Saturday, July 9, 2011
Biblical Obedience; the obedience of faith
When one looks at the English definition of the verb obey, one finds the following; to carry out or fulfill the command, order, or instruction of; to carry out or comply with (a command, for example). Likewise, the term obedient has this definition in the English dictionary; dutifully complying with the commands, orders, or instructions of one in authority. Therefore, the main thrust of obedience as we understand it, is an action or actions. In other words, it is compliance with a command or doing something.
The biblical definition of obey, obedience, obedient, obeyed is somewhat different. The difference is in the method of compliance and motivation for the obedience. The idea is most clearly explained in Romans 1:5. The verse reads;through whom we have received grace and apostleship to bring about the obedience of faith for the sake of his name among all the nations, In the Greek it is HUPAKOE PISTIS, which is best translated as the attentive hearing of faith. The translation above, which is from the English Standard Version (ESV), is the correct one and it is translated incorrectly in the King James Version as well as some other versions. In the King James Version, Romans 1:5 reads obedience to the faith. Obedience to the faith more clearly means a series of obedient actions as opposed to the obedience of faith which means that faith is obedience or the act of obedience is faith. Now here is an interesting fact about the phrase HUPAKOE PISTIS; it is found in another place in Paul’s letter to the Romans. It is also found in Romans 16:26. I will quote it here from the King James Version: (Rom 16:26) But now is made manifest, and by the Scriptures of the prophets, according to the commandment of the everlasting God, made known to all nations for the obedience of faith: So then, we see that the King James translators rendered it obedience to the faith in one instance and the obedience of faith in another. The fact that is interesting about this is that both instances Paul is generally stating the gospel. This is true of Romans 1:5 but is equally true of this passage which is a benediction pronounced in verses 25-27.
Rom 16:25-27 Now to him who is able to strengthen you according to my gospel and the preaching of Jesus Christ, according to the revelation of the mystery that was kept secret for long ages (26) but has now been disclosed and through the prophetic writings has been made known to all nations, according to the command of the eternal God, to bring about the obedience of faith-- (27) to the only wise God be glory forevermore through Jesus Christ! Amen.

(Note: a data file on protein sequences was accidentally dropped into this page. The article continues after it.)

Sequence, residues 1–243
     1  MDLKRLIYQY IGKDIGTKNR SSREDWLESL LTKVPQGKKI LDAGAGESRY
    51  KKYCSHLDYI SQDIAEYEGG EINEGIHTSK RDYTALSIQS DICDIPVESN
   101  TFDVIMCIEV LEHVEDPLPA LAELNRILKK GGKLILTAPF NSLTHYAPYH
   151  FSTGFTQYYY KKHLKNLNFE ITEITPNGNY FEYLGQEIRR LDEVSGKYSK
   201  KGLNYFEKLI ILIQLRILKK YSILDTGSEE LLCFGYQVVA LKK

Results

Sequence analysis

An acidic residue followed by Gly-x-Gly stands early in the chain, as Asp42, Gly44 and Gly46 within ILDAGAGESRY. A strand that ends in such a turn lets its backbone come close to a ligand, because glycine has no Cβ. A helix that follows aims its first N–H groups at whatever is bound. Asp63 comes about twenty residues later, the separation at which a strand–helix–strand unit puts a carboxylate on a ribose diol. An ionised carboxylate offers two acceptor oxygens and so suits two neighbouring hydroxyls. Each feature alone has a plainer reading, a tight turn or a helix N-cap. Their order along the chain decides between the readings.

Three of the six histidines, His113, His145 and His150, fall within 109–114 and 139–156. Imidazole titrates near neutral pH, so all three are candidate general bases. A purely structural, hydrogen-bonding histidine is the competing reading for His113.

Notice that Paul is once again announcing that the gospel had been kept secret for long ages but was now revealed to all nations to bring about the obedience of faith to the gospel. Therefore the obedience of faith is the obedience of believing the gospel. The obedience that God demands is faith in the gospel message.
This is indeed interesting. In Romans 1:5, the KJV translators translated HUPAKOE PISTIS as obedience to the faith and in Romans 16:26, they translated it obedience of faith. Please forgive my apparent skepticism, but it seems to me like there was an agenda in this translation. In fact, except for the Amplified Version, the KJV stands alone with the Douay-Rheims (Roman Catholic) and the Good News Translation, again (Roman Catholic). In all of the other major translations, i.e., the NASB, NIV, NRSV, etc., it is translated the obedience of faith.
What does this mean? Well, it eliminates the very legalistic view of scripture and it also eliminates the necessity of absolute action obedience. This would be a good time for clarification. It is not that the obedience of faith, HUPAKOE PISTIS, will not produce obedient action. It will. But, the action is not the obedience. The action is a response to the obedience. Some further clarification, the phrase is obedience of faith (HUPAKOE PISTIS) therefore, faith is the obedience. Thus, the more obedience of faith present, the more a response in obedient action will be seen.